Lippe Taylor 25 Feb 2022 // 5:39PM GMT
Josh Earnest is the Senior Vice President and Chief Communications Officer for United Airlines, a position he’s held since 2018. Previously, Josh served as the 29th White House Press Secretary under President Barack Obama, an experience which was formidable for his approach to communications. He currently serves on the Board of Advisors of Let America Vote, an organization that aims to end voter suppression, founded by former Missouri Secretary of State Jason Kander. In this discussion with Lippe Taylor Group CEO Paul Dyer, Josh gets into everything from DEI to finding opportunity in a crisis. The two also cover Josh's tactics for keeping cool under extreme pressure and, of course, the lessons he learned while working with President Obama.
Listen to the entire conversation on Lippe Taylor’s Frictionless Marketing podcast, below.
Here are some key takeaways from this conversation with Josh.
Hire wartime communications leaders (or become one).
When Josh made the pivot in his career from politics (after being Press Secretary to the Obama Administration) to the corporate side, most brand executives he met with questioned whether his political experience would be relevant in their industry. This turned out to be shortsighted.
United, which was facing a communications crisis at the time, knew they needed to think differently if they were going to correct course. The combination of Josh’s fresh perspective and proven track record of operating rationally under pressure (there’s arguably no higher-pressure comms job than being a press secretary) turned out to be a killer combination and exactly what United needed.
Slow your body, and your brain will follow.
Josh’s former CEO publicly praised how well he is able to operate under extreme amounts of pressure. Josh attributes this to having both a generally low-key attitude and making a conscious effort to slow his body down when the stakes are high. Slowing the body down, he learned, slows the mind down, allowing one to think rationally, separate the urgent from the important, and prioritize accordingly. He cites this as a critical skill for making good decisions in the midst of a crisis.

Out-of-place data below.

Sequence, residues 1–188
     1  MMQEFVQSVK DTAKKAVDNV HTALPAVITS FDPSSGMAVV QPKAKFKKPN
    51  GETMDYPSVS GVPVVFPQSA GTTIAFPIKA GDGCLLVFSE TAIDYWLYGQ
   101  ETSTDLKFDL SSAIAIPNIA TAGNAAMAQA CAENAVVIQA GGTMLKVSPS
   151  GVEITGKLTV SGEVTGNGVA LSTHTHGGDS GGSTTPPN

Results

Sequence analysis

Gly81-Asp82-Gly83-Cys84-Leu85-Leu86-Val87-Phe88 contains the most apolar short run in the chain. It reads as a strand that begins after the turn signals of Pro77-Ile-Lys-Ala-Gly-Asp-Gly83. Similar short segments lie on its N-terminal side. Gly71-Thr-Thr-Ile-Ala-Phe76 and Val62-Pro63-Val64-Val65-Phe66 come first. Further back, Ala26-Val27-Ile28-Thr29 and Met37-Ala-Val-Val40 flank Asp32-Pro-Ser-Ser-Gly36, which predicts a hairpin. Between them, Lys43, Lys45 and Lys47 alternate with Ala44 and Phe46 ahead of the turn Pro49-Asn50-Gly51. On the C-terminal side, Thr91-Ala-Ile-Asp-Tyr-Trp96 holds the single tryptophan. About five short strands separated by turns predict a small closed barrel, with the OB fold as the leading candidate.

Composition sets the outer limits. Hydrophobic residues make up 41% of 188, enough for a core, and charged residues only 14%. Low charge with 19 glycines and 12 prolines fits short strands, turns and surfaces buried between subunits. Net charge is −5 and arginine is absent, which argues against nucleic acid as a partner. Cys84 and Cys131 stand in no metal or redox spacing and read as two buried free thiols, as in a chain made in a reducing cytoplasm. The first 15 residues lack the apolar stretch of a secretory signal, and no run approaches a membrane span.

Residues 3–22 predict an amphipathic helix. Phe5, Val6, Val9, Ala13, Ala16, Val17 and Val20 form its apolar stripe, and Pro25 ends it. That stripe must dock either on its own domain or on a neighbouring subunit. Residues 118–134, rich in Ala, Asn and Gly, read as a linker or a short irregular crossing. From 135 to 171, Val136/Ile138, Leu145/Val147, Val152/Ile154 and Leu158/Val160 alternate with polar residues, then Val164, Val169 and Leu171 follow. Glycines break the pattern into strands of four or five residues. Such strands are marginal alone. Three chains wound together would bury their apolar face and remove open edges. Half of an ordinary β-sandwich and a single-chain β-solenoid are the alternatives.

Learn to write.
Of the many pieces of advice Josh offers to young, aspiring comms leaders, at the top of his list is learning how to write. Writing, he believes, is a skill that cannot be replaced by bots, no matter how good their algorithms get, and therefore is a skill that will always be needed in communications.
Paul Dyer: Josh, nice to be speaking with you.
Josh Earnest: Good to see you, Paul. How are you this morning?
PD: I'm doing very well, Thank you. So, I see behind you a picture of what looks like probably you and your family with Barack Obama. And I'm very curious about how this background working as a Press Secretary in the Obama Administration prepared you for the work you do today at United.